Large eReader Roundup (March 2018)

Large eReader Roundup (March 2018) e-Reading Hardware

Amazon may balk at releasing a Kindle with anything larger than a 7" screen, but that doesn’t mean that there aren’t any other options for large screen ereaders out there.

There have never been a lot of choices for larger ereaders but we've always had at least a few options. For example, Irex released the first true large-screen ereader in 2006. That was the 8" Illiad, and it was soon followed by other Irex models, and then the Kindle DX in early 2009.

Here’s a roundup of the larger E-ink ereaders that are currently available in March 2018.


The Kindle oasis 2 has a 7" screen. That hardly qualifies as a _larger_ ereader, although it technically is larger than the Paperwhite. You can buy the Oasis from Amazon for $249.


Released in late 2017, the Remarkable is a brilliant writing slate with limited ereader abilities. It has beautiful hardware built around a 10.3" screen with a great stylus, but its software is still limited and it is not really a very good ereader.

You can buy one today for $499.


Pocketbook has released a couple 9.7" and 8" ereaders over the years, but its current plus-sized catalog is limited to only 2 models, the InkPad 2 and the Pocketbook 740 (aka the InkPad 3). The former has an 8" screen, while the latter has a 7.8" screen.

You can find both in Europe.

Boeye (Boyue)

This company has been teasing a 10.3" ereader for a a bout a year before releasing it as the Likebook Note. Alas, they did not update the OS while they perfected the hardware.

Boeye also makes the T80, an 8" ereader that sells for $177, and the Likebook Plus, a model with a higher-resolution 7.8" screen and much better hardware that sells for $213.

FYI: The T80 has also shown up as the Inkbook 8.


Onyx has had a lot of large screen ereaders, but most are available in just one market or another, and most models were replaced within a couple years.

  • The Boox Chronos, for example, is a 9.7" ereader that is sold only in Russia. It cost $346 when it shipped last September.
  • The Boox Note launched in January with a 10.3" screen and a $551 price tag. It can be bought online for $574.
  • The Boox Max 2 is Onyx's third flagship 13.3" ereader. It retails for $834.
  • The Boox N96 is a 9.7" ereader. It is available as a couple different models with different features, and can be bought for $389.


This company makes at least two large-screen ereaders that we know of, and possibly a third (the evidence in inconclusive).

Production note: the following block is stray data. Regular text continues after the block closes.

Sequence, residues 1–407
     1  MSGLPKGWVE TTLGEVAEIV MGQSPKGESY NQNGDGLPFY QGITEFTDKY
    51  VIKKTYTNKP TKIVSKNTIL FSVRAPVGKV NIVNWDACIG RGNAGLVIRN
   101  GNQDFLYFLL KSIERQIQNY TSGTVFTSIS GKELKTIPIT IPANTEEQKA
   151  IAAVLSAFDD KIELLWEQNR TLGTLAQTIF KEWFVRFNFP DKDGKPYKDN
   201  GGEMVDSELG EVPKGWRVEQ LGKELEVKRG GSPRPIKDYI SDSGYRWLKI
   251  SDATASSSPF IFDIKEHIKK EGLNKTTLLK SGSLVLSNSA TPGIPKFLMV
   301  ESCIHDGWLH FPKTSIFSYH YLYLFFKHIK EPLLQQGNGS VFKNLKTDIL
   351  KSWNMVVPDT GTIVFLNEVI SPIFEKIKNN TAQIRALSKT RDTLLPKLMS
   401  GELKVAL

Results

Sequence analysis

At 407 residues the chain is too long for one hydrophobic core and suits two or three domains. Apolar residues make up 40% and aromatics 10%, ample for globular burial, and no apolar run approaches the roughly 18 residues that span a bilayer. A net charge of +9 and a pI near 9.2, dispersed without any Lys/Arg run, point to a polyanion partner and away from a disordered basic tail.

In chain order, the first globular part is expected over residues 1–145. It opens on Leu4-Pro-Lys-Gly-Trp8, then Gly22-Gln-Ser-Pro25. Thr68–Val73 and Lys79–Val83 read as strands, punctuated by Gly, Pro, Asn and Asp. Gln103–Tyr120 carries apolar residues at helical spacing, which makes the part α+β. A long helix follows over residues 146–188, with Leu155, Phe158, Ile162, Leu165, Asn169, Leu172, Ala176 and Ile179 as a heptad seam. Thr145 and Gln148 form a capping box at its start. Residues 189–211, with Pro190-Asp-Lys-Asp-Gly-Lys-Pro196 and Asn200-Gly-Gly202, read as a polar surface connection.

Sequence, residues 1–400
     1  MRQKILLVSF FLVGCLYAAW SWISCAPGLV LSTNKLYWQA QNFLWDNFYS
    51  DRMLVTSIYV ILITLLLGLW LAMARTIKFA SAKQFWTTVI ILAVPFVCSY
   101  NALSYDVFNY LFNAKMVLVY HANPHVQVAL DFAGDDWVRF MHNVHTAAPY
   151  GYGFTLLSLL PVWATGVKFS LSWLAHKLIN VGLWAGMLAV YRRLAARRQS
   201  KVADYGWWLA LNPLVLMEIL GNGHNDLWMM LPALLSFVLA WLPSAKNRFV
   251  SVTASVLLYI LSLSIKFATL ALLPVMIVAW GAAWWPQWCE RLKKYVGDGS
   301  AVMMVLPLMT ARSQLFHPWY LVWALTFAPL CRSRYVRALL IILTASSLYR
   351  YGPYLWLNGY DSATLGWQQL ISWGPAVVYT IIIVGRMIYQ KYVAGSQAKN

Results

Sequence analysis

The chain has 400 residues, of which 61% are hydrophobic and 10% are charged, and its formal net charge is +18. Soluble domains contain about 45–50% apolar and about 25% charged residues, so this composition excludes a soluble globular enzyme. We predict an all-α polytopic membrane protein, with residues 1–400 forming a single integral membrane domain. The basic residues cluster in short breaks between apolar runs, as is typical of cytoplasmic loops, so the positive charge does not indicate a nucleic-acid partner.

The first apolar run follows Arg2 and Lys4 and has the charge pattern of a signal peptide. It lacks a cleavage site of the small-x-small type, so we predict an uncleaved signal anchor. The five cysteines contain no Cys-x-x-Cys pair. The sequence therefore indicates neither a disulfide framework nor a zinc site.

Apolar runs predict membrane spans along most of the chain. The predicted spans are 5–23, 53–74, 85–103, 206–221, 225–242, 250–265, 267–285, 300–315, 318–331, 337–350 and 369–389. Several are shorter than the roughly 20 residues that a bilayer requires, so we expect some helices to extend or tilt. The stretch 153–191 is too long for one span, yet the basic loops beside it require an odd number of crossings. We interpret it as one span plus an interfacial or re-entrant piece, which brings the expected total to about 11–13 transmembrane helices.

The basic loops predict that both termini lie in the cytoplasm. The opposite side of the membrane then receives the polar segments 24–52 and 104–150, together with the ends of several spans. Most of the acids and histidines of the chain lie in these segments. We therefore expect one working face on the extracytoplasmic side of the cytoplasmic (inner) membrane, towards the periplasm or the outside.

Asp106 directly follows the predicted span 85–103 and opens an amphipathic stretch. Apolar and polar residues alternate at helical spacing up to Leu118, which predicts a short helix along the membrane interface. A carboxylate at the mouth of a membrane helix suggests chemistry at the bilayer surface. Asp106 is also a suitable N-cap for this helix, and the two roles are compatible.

The Kobo Aura One is a 7.8" ereader made by Netronix and carrying the Kobo brand. You can buy it for $229.

Netronix also makes Sony's DPT-CP1 writing slate, but that device hasn't shipped yet, and we really have nothing to go on other than a few details from the FCC paperwork.

Speaking of Sony -


Sony is still selling its second 13.3" writing slate, the DPT-RP1. This device has two touchscreens, and  retails for $699.



About Nate Hoffelder (10064 Articles)
Nate Hoffelder is the founder and editor of The Digital Reader:"I've been into reading ebooks since forever, but I only got my first ereader in July 2007. Everything quickly spiraled out of control from there. Before I started this blog in January 2010 I covered ebooks, ebook readers, and digital publishing for about 2 years as a part of MobileRead Forums. It's a great community, and being a member is a joy. But I thought I could make something out of how I covered the news for MobileRead, so I started this blog."

2 Comments on Large eReader Roundup (March 2018)

  1. I use the Kindle DX. To get boldface fonts, I transform into DOCX, add appropriate boldness and size changes to the fonts, and transform into PDF. (MS does a better job than Calibre of making PDF docs.)

    Old and out of date software, but gets the job done- at least for reading PDFs.The Kindle DX is the best I have seen for PDFs.

  2. Dasung never released 13 inch:

1 Trackbacks & Pingbacks

  1. New Large eReader Roundup (March 2018) – Stephen's Lighthouse

Leave a comment

Your email address will not be published.


This site uses Akismet to reduce spam. Learn how your comment data is processed.

%d bloggers like this: